The discovery of the first electromagnetic counterpart to a gravitational wave signal has generated follow-up observations by over 50 facilities world-wide, ushering in the new era of multi-messenger astronomy. In this paper, we present follow-up observations of the gravitational wave event GW170817 and its electromagnetic counterpart SSS17a/DLT17ck (IAU label AT2017gfo) by 14 Australian telescopes and partner observatories as part of Australian-based and Australian-led research programs. We report early- to late-time multi-wavelength observations, including optical imaging and spectroscopy, mid-infrared imaging, radio imaging, and searches for fast radio bursts. Our optical spectra reveal that the transient source emission cooled from approximately 6 400 K to 2 100 K over a 7-d period and produced no significant optical emission lines. The spectral profiles, cooling rate, and photometric light curves are consistent with the expected outburst and subsequent processes of a binary neutron star merger. Star formation in the host galaxy probably ceased at least a Gyr ago, although there is evidence for a galaxy merger. Binary pulsars with short (100 Myr) decay times are therefore unlikely progenitors, but pulsars like PSR B1534+12 with its 2.7 Gyr coalescence time could produce such a merger. The displacement (~2.2 kpc) of the binary star system from the centre of the main galaxy is not unusual for stars in the host galaxy or stars originating in the merging galaxy, and therefore any constraints on the kick velocity imparted to the progenitor are poor.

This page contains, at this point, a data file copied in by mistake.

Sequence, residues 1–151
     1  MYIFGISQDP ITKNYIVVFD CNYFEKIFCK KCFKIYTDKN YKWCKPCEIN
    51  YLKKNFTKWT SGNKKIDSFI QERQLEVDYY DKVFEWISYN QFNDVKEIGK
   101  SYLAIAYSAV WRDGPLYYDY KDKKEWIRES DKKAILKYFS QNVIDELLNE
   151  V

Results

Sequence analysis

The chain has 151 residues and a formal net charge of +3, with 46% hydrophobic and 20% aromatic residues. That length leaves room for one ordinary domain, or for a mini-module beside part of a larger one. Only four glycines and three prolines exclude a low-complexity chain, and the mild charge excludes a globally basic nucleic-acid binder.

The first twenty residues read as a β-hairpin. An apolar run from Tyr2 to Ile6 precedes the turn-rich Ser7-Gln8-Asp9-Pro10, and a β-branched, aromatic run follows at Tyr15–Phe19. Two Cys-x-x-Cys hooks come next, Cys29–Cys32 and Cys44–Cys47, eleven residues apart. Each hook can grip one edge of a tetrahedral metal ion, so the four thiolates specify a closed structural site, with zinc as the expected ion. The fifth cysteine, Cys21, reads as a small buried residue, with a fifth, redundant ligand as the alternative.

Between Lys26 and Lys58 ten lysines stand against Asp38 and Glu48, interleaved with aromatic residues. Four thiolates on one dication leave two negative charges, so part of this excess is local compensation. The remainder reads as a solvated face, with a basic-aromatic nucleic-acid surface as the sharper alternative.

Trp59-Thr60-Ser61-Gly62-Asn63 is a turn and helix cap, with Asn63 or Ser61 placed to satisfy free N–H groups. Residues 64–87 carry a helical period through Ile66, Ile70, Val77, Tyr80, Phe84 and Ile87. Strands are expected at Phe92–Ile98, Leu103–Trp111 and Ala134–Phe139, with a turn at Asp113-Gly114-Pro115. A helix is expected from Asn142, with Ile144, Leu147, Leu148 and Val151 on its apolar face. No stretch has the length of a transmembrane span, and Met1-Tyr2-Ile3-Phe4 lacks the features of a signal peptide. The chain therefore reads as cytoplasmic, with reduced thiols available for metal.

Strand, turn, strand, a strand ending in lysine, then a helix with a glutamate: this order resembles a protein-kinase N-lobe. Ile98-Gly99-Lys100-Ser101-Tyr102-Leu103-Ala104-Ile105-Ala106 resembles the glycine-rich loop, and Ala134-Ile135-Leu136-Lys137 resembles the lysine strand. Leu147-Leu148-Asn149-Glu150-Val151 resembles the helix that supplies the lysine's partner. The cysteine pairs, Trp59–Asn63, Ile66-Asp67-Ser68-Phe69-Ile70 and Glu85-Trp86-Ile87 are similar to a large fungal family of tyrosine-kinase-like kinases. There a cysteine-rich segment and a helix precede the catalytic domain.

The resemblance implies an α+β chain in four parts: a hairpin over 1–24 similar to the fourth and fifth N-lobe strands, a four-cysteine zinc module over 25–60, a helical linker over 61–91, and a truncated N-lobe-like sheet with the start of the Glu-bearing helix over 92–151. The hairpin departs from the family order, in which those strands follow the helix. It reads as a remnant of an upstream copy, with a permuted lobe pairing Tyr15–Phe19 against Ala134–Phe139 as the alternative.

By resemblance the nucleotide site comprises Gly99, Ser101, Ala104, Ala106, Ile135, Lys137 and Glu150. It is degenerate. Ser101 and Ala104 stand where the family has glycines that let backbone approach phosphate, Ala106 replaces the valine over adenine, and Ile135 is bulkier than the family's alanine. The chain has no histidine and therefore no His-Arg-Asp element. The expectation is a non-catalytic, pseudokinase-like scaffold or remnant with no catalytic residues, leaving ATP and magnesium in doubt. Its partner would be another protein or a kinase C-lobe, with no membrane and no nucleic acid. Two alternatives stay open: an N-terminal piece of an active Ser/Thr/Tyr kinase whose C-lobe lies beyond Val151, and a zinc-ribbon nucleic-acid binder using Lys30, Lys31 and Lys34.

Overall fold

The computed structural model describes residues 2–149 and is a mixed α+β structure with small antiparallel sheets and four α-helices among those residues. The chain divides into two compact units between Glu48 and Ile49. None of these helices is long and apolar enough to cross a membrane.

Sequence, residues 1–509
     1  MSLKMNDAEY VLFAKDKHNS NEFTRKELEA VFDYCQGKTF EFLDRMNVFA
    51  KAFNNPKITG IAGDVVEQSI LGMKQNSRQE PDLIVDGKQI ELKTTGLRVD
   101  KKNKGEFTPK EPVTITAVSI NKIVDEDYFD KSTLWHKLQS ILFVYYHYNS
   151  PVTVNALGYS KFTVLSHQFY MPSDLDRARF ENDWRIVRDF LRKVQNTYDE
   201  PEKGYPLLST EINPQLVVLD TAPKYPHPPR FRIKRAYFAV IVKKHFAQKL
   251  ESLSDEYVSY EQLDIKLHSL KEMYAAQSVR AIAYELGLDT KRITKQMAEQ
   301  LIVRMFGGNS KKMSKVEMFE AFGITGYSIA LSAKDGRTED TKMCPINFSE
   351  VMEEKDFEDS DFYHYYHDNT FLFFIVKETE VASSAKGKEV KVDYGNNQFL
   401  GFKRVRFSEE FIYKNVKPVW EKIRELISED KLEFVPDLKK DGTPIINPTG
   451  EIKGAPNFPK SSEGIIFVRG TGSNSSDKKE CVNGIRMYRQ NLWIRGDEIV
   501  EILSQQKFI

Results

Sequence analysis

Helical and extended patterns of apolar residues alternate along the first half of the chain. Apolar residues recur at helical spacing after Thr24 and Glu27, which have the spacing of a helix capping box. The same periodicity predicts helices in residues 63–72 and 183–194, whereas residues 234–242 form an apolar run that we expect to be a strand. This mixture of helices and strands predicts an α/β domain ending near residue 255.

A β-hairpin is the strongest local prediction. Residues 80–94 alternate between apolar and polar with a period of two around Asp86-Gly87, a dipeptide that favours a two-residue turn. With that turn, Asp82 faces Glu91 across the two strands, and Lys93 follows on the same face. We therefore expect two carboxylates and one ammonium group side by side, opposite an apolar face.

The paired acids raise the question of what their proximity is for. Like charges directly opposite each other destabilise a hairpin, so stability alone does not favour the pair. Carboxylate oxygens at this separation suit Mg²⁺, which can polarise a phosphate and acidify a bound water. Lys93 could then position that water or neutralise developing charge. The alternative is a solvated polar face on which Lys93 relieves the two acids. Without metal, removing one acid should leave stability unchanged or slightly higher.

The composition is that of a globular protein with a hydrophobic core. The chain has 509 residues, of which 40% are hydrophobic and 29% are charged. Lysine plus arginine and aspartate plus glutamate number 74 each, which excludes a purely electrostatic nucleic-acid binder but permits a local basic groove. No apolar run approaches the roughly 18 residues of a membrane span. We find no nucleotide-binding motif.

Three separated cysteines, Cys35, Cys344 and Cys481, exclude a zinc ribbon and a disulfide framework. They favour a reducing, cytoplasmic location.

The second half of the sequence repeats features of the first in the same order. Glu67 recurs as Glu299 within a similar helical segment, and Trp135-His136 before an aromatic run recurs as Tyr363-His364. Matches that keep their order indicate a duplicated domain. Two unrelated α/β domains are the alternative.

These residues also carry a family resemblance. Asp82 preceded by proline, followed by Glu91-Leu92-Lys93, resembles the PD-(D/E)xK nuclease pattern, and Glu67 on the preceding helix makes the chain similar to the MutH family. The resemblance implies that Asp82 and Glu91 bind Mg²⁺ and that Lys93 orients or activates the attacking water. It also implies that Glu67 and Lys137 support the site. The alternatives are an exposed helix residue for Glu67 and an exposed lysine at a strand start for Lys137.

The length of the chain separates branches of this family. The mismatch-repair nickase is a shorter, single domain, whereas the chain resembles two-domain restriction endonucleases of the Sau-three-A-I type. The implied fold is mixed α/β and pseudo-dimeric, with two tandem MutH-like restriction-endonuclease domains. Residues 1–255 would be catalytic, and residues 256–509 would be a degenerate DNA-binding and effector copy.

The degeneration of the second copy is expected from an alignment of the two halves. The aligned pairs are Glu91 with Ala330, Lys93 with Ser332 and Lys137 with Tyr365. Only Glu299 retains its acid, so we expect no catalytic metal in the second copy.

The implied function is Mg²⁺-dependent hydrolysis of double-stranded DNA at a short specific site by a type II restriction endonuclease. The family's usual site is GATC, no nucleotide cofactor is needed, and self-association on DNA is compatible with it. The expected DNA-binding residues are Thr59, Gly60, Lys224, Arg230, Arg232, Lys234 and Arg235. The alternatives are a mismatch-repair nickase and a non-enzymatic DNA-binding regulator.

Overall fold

We describe the investigation of two temporally coincident illness clusters involving salmonella and Staphylococcus aureus in two states. Cases were defined as gastrointestinal illness following two meal events. Investigators interviewed ill persons. Stool, food and environmental samples underwent pathogen testing. Alabama: Eighty cases were identified. Median time from meal to illness was 5·8 h. Salmonella Heidelberg was identified from 27 of 28 stool specimens tested, and coagulase-positive S. aureus was isolated from three of 16 ill persons. Environmental investigation indicated that food handling deficiencies occurred. Colorado: Seven cases were identified. Median time from meal to illness was 4·5 h. Five persons were hospitalised, four of whom were admitted to the intensive care unit. Salmonella Heidelberg was identified in six of seven stool specimens and coagulase-positive S. aureus in three of six tested. No single food item was implicated in either outbreak. These two outbreaks were linked to infection with Salmonella Heidelberg, but additional factors, such as dual aetiology that included S. aureus or the dose of salmonella ingested may have contributed to the short incubation periods and high illness severity. The outbreaks underscore the importance of measures to prevent foodborne illness through appropriate washing, handling, preparation and storage of food.